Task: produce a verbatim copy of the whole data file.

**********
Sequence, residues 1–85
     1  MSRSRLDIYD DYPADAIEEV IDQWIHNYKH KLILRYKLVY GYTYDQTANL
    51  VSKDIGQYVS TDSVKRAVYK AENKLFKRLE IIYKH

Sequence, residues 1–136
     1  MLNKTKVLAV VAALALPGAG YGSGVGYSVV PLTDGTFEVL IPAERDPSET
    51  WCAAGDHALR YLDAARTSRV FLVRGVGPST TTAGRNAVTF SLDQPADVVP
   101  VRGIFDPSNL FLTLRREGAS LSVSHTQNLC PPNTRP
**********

Sequence, residues 1–85
     1  MSRSRLDIYD DYPADAIEEV IDQWIHNYKH KLILRYKLVY GYTYDQTANL
    51  VSKDIGQYVS TDSVKRAVYK AENKLFKRLE IIYKH

Sequence, residues 1–136
     1  MLNKTKVLAV VAALALPGAG YGSGVGYSVV PLTDGTFEVL IPAERDPSET
    51  WCAAGDHALR YLDAARTSRV FLVRGVGPST TTAGRNAVTF SLDQPADVVP
   101  VRGIFDPSNL FLTLRREGAS LSVSHTQNLC PPNTRP